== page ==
One unique aspect of this invention is what happens should one of the children leave the predefined perimeter. As will be appreciated, the departure from the predefined area could be voluntary or, for example, in the case of an abduction not at the choice of the child. Crossing of the perimeter can trigger one or more of special actions, and a special mode of operation of the mobile device to help assist with managing the situation. For example, in an emergency-type situation, assuming there has been an abduction, the mobile device can go into a special emergency mode and not only provide location information to the parent, but also contact the local authorities with location information. This could be coupled with the phone automatically taking certain actions, such as taking photographs, videos, audio information of the surroundings, and having one or more of these types of information forwarded to the parent and/or local authorities. In conjunction with one exemplary embodiment, this special emergency mode type operation can be performed in the background such that neither the user, nor the abductor, would be aware that the mobile device is transmitting this information. Coupled with maintaining current location information, the phone can operate dynamically based on, for example, remaining battery power. This could help ensure the safe recovery of the abducted child. For example, the phone can monitor the battery life remaining and adjust the update frequency of the location-determining processes. In a similar manner, the frequency with which the phone communicates information, such as the location information, audio, video, or multimedia information, can be reduced, to help ensure that the appropriate parties are receiving information from the mobile device for as long as possible, to help ensure safe recovery of the abducted child.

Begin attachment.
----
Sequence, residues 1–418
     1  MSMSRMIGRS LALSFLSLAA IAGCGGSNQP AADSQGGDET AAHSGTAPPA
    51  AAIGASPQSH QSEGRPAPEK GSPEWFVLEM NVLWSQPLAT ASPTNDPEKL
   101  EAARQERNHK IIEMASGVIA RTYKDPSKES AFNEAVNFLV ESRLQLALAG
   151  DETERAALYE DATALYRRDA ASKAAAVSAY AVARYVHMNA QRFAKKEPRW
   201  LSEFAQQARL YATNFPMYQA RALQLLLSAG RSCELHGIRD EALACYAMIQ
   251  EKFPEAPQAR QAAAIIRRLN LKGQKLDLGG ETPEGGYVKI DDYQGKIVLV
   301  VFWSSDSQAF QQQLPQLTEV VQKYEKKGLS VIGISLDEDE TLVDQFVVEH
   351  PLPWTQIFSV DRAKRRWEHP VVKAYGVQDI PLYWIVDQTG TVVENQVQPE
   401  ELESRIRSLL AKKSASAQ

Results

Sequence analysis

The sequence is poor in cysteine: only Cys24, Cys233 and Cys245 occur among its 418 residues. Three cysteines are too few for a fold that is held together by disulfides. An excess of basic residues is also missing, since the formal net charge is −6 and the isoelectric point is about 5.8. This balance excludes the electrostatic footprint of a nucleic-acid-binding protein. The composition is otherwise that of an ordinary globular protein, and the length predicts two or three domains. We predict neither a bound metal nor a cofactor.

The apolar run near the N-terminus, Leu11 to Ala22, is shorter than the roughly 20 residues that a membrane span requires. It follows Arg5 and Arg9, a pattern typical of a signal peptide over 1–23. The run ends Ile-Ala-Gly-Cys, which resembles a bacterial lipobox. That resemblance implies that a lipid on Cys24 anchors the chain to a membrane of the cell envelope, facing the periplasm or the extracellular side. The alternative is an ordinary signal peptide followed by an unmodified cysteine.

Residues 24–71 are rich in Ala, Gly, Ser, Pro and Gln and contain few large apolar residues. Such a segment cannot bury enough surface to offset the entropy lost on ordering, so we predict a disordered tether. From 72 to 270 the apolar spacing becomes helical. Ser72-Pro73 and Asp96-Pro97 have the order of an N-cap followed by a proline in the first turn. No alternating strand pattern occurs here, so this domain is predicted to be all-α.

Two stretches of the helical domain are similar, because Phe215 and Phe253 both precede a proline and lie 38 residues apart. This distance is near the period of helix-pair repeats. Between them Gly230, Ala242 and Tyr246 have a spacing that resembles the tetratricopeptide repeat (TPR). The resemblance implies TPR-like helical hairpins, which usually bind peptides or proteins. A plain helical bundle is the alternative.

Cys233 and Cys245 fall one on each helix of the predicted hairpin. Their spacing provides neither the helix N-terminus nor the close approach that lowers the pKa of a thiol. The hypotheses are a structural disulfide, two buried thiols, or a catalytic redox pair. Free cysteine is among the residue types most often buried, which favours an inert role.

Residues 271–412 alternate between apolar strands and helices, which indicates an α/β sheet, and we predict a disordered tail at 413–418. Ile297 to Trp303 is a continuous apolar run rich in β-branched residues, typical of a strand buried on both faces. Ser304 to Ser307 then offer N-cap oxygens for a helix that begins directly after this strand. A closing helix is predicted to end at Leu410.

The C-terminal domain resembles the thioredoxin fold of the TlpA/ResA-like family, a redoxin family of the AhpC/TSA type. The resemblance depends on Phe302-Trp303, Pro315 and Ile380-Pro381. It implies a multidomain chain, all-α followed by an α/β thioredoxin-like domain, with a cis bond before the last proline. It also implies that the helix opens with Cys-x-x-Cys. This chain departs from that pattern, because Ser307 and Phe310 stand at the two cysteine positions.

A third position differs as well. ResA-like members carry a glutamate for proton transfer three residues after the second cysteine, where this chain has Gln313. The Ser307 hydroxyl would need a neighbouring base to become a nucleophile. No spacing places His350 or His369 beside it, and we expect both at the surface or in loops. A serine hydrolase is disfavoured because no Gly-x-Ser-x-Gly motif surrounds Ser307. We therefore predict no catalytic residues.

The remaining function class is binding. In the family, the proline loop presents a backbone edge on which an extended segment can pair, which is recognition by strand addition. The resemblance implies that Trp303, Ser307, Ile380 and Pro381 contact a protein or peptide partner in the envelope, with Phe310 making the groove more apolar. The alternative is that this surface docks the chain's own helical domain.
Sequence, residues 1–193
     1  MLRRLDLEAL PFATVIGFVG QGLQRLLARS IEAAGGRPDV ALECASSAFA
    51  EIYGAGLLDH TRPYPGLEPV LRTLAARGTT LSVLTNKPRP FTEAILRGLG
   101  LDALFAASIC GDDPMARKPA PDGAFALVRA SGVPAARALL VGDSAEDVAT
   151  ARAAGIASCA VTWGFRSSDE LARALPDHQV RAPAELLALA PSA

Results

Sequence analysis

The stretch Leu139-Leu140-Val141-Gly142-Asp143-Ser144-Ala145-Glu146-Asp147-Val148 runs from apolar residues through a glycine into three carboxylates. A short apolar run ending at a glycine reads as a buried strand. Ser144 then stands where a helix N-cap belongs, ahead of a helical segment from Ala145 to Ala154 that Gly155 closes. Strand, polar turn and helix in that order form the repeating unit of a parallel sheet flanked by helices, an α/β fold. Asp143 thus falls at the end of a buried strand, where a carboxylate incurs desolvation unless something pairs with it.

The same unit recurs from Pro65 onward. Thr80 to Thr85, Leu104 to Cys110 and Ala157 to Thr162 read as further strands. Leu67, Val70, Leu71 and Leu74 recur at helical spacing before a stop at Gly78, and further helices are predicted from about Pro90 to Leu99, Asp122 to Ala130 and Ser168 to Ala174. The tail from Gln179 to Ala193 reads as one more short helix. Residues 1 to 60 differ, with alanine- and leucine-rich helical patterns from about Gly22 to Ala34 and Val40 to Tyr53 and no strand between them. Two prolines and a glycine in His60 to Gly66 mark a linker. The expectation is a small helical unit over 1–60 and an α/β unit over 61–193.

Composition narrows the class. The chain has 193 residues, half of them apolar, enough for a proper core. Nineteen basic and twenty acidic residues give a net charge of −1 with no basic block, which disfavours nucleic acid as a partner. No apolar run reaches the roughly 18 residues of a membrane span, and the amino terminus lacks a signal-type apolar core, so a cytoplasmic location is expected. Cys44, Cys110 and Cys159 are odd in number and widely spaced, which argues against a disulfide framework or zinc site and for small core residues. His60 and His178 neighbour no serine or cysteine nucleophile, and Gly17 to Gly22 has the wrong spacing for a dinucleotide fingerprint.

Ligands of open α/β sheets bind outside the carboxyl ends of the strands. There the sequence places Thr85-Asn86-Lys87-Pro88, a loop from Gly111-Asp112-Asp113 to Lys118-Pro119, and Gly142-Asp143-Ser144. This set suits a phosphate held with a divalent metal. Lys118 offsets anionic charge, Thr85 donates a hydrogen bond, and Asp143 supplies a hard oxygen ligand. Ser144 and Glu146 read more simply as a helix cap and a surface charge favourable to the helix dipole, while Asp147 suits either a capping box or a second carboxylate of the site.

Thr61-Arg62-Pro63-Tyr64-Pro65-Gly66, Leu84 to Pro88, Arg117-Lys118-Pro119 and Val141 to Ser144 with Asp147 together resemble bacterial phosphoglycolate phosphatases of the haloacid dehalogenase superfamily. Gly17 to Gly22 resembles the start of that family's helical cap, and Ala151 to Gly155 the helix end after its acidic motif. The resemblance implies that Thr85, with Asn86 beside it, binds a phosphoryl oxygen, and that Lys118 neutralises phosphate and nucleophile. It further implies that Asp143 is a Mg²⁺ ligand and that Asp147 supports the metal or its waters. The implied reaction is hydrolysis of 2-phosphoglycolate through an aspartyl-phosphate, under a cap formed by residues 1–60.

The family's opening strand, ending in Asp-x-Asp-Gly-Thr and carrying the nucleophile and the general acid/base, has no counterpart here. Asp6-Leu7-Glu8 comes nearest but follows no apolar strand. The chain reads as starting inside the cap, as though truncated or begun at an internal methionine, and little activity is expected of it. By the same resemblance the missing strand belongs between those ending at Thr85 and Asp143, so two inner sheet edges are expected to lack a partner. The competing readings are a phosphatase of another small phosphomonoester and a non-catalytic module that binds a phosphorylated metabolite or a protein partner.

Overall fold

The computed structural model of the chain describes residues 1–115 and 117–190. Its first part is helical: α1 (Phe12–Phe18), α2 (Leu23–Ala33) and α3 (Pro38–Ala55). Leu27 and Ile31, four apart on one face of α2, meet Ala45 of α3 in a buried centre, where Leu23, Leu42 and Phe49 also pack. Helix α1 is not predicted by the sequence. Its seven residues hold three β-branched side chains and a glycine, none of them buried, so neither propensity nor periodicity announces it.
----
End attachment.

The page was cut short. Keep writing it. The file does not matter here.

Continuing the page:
In another example, say where a child voluntary leaves the perimeter, perhaps the child is a teenager simply wanting to cross the street to visit a local fast food chain. Upon the child exiting the perimeter, an alert could be triggered at one or more of the parents' mobile devices, with the immediate communication session established between the parents' device and the child's device. The parent could then query the child and determine the child was simply going to the fast food chain, and would be returning to within the perimeter within 20 minutes. In this instance, there may be no need to contact the local authorities since the child's activity is merely routine.